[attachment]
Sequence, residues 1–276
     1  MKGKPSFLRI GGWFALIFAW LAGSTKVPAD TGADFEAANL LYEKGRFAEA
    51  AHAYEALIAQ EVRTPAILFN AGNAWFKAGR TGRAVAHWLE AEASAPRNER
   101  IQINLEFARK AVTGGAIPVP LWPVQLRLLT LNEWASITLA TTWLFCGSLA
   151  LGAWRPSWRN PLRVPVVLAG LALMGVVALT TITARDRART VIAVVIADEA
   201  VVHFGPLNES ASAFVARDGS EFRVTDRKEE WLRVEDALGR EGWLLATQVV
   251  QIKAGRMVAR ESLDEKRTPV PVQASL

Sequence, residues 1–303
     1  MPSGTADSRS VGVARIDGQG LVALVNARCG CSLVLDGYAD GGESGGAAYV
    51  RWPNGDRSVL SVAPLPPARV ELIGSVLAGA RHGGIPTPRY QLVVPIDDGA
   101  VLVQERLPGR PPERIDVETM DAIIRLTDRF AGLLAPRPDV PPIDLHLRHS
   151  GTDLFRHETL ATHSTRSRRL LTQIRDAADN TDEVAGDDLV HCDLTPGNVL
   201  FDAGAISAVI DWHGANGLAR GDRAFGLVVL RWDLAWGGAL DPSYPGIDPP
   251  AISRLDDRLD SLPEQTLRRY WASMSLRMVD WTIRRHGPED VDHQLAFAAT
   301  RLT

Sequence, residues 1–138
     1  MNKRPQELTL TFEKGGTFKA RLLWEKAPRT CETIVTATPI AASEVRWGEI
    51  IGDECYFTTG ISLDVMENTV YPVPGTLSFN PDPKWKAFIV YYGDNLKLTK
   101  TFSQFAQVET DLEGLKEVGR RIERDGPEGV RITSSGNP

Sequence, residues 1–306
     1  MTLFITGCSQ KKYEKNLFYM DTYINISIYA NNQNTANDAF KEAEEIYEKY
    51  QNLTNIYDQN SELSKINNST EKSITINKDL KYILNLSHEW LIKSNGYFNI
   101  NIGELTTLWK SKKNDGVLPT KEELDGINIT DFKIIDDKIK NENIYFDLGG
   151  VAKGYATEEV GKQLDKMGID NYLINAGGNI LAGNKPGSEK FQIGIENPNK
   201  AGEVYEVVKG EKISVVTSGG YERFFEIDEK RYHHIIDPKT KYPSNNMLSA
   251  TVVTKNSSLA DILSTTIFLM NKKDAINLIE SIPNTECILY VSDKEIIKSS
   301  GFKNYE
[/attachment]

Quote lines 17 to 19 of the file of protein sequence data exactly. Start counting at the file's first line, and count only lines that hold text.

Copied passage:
     1  MNKRPQELTL TFEKGGTFKA RLLWEKAPRT CETIVTATPI AASEVRWGEI
    51  IGDECYFTTG ISLDVMENTV YPVPGTLSFN PDPKWKAFIV YYGDNLKLTK
   101  TFSQFAQVET DLEGLKEVGR RIERDGPEGV RITSSGNP